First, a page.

Everyone in the community is invited to help the Puyallup Tribe of Indians and City of Tacoma dedicate the Fishing Wars Memorial Bridge, formerly known as the Puyallup River Bridge, on Friday, Aug. 9.

The dedication will recognize what happened there in the 1960s and 1970s, when the bridge was at the forefront of a battle. Puyallup fishermen exercised their treaty-guaranteed rights to fish at their usual and accustomed sites – and were arrested, beaten and violently removed. It took the Boldt Decision of 1974 to reassert the Tribe’s treaty rights.

The Tribe’s Planning, Language and Historic Preservation departments worked with the City of Tacoma’s Landmarks Preservation Committee to rename the bridge and commemorate its significance. On May 21, 2019, Tacoma’s City Council voted to rename the bridge.

“Naming this bridge after the Fishing Wars will help future generations know what happened here,” said Puyallup Tribal Council Chairman David Z. Bean. “But it is also symbolic of bridging our past with our present and our future, and of bridging our communities.”

“When I took office, I knew that I would be responsible for developing important intergovernmental relationships. I did not anticipate the deep honor I would feel to be a part of strengthening the relationship between the Puyallup Tribe and the City of Tacoma by addressing the wounds of the past and creating a better future,” said Tacoma Mayor Victoria Woodards. “There is a sense that the relationship between our governments has changed a great deal from years past, and I hope that we will continue to build on this progress by learning more about the lived experiences of our friends and neighbors from the Puyallup Tribe.”

“Fishing Wars Bridge” is in fact one of two new names given to the bridge. The other is the Twulshootseed word “yabuk’ʷali”: “place of a fight.”

  • What: Fishing Wars Memorial Bridge Dedication
  • When: 10 to 11 a.m., Friday, Aug. 9
  • Where: Shuttle pick-up address is 779 Wiley Ave., Tacoma Dome, Lot G
  • Hosts: Puyallup Tribe of Indians and City of Tacoma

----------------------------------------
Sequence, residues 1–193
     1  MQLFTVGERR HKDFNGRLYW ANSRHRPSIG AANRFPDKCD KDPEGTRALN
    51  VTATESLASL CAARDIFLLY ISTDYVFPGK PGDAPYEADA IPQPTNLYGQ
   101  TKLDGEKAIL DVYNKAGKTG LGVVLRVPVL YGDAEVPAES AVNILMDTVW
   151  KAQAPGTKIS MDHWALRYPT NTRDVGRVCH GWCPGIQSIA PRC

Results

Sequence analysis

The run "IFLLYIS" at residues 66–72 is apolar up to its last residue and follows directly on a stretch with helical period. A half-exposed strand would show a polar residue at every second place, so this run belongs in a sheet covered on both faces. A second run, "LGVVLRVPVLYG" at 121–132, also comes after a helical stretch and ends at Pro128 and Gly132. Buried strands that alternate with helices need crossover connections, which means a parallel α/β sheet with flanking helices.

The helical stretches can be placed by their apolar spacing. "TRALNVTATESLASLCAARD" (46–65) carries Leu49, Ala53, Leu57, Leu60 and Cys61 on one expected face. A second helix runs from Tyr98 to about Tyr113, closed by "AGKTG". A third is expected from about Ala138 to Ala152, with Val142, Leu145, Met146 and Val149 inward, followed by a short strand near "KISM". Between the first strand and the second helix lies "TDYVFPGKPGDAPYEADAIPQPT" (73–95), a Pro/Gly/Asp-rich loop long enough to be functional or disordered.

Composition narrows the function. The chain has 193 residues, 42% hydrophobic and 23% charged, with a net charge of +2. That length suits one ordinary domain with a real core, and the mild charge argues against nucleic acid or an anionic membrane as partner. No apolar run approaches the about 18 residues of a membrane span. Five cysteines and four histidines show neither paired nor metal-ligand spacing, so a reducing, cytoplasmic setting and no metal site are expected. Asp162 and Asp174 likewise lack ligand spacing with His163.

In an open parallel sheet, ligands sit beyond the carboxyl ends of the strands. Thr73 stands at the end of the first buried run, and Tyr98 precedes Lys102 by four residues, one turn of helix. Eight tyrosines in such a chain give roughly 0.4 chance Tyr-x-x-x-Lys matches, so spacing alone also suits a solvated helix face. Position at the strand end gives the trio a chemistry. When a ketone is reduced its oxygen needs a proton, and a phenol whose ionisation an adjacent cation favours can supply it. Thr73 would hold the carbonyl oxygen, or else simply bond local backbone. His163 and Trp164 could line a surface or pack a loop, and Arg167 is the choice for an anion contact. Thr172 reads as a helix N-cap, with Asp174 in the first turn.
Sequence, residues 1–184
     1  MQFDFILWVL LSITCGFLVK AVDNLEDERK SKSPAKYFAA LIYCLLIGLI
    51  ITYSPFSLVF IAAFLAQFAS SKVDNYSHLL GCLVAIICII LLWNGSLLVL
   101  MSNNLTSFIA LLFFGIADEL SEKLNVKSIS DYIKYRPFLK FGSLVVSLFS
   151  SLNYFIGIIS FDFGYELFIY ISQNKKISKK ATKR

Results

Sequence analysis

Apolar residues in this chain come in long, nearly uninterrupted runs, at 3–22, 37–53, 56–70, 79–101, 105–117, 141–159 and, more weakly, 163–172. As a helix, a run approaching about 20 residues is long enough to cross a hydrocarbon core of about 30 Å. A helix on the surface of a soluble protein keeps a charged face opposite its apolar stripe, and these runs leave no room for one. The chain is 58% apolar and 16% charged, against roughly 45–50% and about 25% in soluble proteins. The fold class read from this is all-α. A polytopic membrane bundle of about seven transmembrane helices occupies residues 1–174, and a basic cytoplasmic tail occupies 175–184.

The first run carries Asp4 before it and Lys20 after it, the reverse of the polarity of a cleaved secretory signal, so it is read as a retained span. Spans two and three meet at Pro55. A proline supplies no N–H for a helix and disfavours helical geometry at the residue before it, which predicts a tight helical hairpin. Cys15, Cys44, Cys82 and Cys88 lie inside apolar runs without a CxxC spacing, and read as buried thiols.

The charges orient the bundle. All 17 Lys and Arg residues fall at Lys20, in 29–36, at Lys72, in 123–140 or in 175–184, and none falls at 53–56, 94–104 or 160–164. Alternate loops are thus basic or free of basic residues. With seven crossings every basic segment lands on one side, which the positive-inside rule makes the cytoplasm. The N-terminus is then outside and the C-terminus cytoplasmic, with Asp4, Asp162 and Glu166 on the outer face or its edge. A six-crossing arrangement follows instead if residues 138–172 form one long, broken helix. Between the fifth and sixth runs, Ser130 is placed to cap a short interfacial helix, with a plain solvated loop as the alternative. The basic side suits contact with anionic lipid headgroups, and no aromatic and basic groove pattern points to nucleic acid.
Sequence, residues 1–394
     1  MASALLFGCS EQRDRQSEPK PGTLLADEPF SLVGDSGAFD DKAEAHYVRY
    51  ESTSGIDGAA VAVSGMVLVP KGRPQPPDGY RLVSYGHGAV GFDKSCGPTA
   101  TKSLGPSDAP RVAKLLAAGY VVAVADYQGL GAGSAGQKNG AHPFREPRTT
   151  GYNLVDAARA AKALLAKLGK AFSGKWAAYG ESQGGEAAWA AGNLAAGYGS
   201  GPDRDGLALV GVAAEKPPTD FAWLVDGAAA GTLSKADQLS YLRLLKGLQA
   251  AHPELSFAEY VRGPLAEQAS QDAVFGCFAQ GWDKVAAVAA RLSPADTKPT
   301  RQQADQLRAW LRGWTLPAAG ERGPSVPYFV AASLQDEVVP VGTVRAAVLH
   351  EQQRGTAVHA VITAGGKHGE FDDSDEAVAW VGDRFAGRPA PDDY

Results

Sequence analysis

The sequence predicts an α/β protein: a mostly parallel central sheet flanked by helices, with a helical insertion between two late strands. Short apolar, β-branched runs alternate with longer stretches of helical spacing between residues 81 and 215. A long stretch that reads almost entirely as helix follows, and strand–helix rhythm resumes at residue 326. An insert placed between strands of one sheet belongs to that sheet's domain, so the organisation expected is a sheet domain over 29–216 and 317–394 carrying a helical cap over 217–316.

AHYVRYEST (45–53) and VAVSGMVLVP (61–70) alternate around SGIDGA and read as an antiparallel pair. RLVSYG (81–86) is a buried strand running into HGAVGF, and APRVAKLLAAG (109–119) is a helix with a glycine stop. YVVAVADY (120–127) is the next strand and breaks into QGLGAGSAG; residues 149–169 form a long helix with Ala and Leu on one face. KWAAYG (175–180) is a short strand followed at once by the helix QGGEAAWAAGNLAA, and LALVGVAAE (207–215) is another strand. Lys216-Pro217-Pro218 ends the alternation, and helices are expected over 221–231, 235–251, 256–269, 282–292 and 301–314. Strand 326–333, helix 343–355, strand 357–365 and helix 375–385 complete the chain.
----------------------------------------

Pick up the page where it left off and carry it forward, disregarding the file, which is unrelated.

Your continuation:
• Who: Open to everyone
  • Parking: Parking at the site is extremely limited, so the City of Tacoma will provide a shuttle service from the Tacoma Dome. The shuttle pick-up address is 779 Wiley Ave., Tacoma Dome, Lot G. Puyallup Tribal Police Department and Tacoma Police Department will provide assistance at the event.

For more event information, contact Jennifer Keating, Puyallup Tribe of Indians, at Jennifer.M.Keating@puyalluptribe-nsn.gov or (253) 382-6073.

The Fishing Wars Memorial Bridge is closed for repairs and is anticipated to open in fall of 2019. To learn more about the project, including its expected opening, please visit the City of Tacoma’s project web page.

About the Puyallup Tribe of Indians
The Puyallup People have lived along the shores of what is now called Puget Sound since time immemorial. The Puyallup Tribe of Indians is a sovereign nation of more than 5,000 members and one of the largest employers in Pierce County. It serves its people and neighbors with generosity and is committed to building a sustainable way of life for future generations. Learn more about the Puyallup Tribe.

About the Puyallup Tribal Council
The Puyallup Tribal Council is the elected governing body of the Puyallup Tribe of Indians. The council consists of Chairman David Z. Bean, Vice Chairman Bill Sterud, Sylvia Miller, Tim Reynon, Annette Bryan, James Rideout and Anna Bean.

Contact:
Michael Thompson, Communications Director, Puyallup Tribe of Indians, (253) 382-6200; Michael.Thompson@puyalluptribe-nsn.gov